The Risk of Disintermediation

What is disintermediation? In simple terms, it means the removal of middle persons or intermediaries between producers and consumers. For instances:

  • Customers can buy books from authors directly without the need for physical book stores (distributors) or even book publishers
  • Patients can get the help they need from doctors directly, without the need for hospitals.
  • Students can get the help they need from tutors without the need for tuition/education centres
  • Customers can but products online (and delivered to their homes) without needing to go to physical shops
  • and many other scenarios.

Basically, consumers can get what they need from the producers directly. Now this is worrying for businesses, especially those which falls under the category of ‘intermediaries’.

This whole idea of disintermediation is best illustrated by studying the book publishing industry, which was written in great detail in the article – Book Publishers Scramble to Rewrite Their Future.

In this article, the author illustrated the struggle of the book publishers in fighting multiple digital disruptions.

Declining physical sales due to the rise in digital books

The first struggle was to solve the issue of declining sales of physical books due to players like Amazon who have made reading digitally ‘the new way’. So therefore, ‘the old way’ of buying and holding physical books is at risk of extinction (albeit not so soon).

To fight this, book publishers have begun to scramble in digitalising their books as well as making it interactive. Especially in Indonesia where eCommerce is a huge thing, book publishers are gunning towards forming their own eCommerce platforms to sell their own eBooks.

Disintermediation will be the next fight

While the first struggle of digitalisation is not over, book publishers now face an impending risk of disintermediation. Like in other parts of the world, the book publishers in this region are being further shaken by local players like and many other international players that have gracefully entered this region.

These players have begun to chisel off the power of book publishing from traditional publishing companies and transfer it to the Authors themselves. Readers are now able to buy books directly from the authors and a cheaper price without going through the book publishers as intermediaries.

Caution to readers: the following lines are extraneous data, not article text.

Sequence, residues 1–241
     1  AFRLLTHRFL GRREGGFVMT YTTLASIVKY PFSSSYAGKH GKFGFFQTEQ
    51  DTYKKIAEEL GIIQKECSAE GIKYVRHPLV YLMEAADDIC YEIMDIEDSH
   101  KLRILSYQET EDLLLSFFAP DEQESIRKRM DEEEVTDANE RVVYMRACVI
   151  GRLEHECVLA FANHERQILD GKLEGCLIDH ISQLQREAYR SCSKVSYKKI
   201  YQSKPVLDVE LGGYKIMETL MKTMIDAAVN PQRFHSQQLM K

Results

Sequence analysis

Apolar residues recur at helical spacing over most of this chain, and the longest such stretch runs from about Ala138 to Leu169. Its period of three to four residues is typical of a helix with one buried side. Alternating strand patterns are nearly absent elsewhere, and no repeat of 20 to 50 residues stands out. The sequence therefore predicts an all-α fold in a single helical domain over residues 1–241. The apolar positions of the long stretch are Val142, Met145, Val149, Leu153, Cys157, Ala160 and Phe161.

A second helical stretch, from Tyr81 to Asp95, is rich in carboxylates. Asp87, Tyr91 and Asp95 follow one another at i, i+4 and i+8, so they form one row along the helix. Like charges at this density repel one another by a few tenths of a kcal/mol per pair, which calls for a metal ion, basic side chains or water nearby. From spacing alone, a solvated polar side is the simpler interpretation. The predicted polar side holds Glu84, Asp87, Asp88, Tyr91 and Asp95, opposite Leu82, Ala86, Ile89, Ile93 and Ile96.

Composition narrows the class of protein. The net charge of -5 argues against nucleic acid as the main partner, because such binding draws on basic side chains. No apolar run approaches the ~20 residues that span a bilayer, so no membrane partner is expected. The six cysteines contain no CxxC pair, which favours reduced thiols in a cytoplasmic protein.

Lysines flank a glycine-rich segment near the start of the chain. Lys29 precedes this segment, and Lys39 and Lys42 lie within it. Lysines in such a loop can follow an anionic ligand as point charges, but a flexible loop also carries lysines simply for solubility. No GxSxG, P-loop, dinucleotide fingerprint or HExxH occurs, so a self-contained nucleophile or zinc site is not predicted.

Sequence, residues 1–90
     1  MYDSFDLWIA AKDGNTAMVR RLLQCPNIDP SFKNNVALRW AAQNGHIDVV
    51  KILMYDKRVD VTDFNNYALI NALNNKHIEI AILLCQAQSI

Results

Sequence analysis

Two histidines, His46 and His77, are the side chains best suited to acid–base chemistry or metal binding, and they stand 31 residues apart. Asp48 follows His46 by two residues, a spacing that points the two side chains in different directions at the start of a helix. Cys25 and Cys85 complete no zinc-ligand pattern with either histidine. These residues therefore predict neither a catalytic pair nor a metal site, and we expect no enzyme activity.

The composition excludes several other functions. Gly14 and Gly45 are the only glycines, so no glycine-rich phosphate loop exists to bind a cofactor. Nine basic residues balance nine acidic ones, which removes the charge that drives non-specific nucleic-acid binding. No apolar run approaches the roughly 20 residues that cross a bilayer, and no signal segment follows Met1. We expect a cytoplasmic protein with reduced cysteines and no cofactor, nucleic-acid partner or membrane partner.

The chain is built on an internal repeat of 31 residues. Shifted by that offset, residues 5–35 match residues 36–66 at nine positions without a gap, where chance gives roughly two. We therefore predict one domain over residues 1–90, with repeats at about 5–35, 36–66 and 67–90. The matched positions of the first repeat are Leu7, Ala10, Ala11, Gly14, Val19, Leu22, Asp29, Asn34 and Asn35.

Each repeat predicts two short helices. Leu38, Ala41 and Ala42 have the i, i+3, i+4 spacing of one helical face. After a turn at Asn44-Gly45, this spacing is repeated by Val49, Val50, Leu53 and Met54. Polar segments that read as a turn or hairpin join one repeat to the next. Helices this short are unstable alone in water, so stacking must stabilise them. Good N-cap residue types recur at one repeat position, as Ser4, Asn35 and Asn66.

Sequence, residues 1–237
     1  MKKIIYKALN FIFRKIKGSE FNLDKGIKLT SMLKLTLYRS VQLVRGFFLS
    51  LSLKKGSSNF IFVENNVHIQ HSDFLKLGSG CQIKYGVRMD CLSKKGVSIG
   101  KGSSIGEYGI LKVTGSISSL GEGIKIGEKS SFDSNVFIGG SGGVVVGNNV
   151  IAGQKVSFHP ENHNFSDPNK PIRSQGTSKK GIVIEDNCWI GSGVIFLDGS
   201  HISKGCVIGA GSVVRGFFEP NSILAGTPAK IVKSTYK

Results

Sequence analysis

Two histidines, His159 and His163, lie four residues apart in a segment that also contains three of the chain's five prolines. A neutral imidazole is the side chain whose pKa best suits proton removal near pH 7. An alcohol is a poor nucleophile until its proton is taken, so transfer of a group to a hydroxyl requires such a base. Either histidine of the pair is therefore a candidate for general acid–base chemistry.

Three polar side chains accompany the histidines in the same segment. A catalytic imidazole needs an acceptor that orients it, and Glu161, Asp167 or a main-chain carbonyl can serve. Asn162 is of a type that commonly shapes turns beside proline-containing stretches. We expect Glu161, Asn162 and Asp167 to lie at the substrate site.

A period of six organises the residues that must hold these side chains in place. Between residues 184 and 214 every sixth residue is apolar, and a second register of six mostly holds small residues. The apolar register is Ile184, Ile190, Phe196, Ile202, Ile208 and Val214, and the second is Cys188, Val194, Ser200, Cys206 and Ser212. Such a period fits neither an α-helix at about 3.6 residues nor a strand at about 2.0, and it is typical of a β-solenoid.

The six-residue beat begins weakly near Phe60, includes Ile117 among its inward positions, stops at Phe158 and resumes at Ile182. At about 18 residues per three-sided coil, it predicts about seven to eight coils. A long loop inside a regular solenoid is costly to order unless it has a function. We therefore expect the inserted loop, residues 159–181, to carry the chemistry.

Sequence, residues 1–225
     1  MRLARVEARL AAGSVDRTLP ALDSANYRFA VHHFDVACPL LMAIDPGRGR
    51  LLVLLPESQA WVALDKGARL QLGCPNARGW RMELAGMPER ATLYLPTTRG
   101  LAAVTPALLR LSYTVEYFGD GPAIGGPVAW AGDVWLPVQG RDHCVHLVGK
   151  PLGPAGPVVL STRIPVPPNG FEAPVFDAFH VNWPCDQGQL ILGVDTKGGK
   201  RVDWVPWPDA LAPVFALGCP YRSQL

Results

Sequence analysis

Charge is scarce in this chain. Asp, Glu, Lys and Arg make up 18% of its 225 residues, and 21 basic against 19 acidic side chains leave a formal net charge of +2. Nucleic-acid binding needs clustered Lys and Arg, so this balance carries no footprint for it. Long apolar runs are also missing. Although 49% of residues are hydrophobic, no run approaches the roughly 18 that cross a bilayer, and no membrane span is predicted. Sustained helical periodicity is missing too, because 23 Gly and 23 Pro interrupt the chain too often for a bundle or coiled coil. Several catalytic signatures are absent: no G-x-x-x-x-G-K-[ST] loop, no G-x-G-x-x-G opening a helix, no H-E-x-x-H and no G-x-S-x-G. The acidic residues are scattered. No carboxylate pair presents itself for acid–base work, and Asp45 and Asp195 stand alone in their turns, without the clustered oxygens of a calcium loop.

Now, here’s the third blow to book publishers

We are facing a generation where short chats, videos and ‘disappearing stories’ are the main form of information consumption. It is no longer about reading long articles and there are less passion towards thick books – be it physical or digital ones. So the fight for book publishers to remain relevant has just taken another unexpected turn.

How can book publishers remain relevant then? We have three suggestions to book publishers.

1) Create a community around books and engage them

The quote from will justify the the importance of building a community:

McKinsey analyst Shona Brown told the E-Commerce Times that users who post messages to a site’s forum or contribute product reviews visit that site nine times more often than users who do not participate in community offerings.

“They also remain twice as loyal and buy almost twice as often,” Brown said. “Even people who don’t directly contribute, but do read those message boards, are more likely to come back and to buy. If they feel a connection, they’re more likely to take the next step and become buyers.

2) Facilitate interactions with authors

Book publishers can try to value-add to the authors by facilitating direct chat-based interactions between the readers and the authors. This will make the book ‘come alive’ for the readers.

Prior to releasing their books, authors can also have the opportunity to give snippets/teasers of the books to engage their potential readers better. Authors can also share the context of why they wrote the books which will shed some interesting light to stories that the readers read. This is definitely a value-add that book publishers can provide to both authors and readers.

2) Push bite-size contents which attracts readers to read the full content, eventually

Since the new generation of leaders are so used to ‘bite-size’ and visual contents, this is something that Book Publishers may want to consider as well. Using a Facebook style update postings, Book Publishers can post some highlights of the books and push the updates to potential readers to entice them to buy the books. This is something new but hey, we reckon that it is worth the try.

This is relevant to other industries as well

The learning points we can get by from studying the book publishing industry can be applied to other industries as well. As described at the start of this article, the phenomena of disintermediation is coming and undeniably, it is going to force companies in several industries to review their business models.

That said, if you need a sounding board on these matters, feel free to email us at [email protected]. We will be happy to bounce ideas with you. For FREE.


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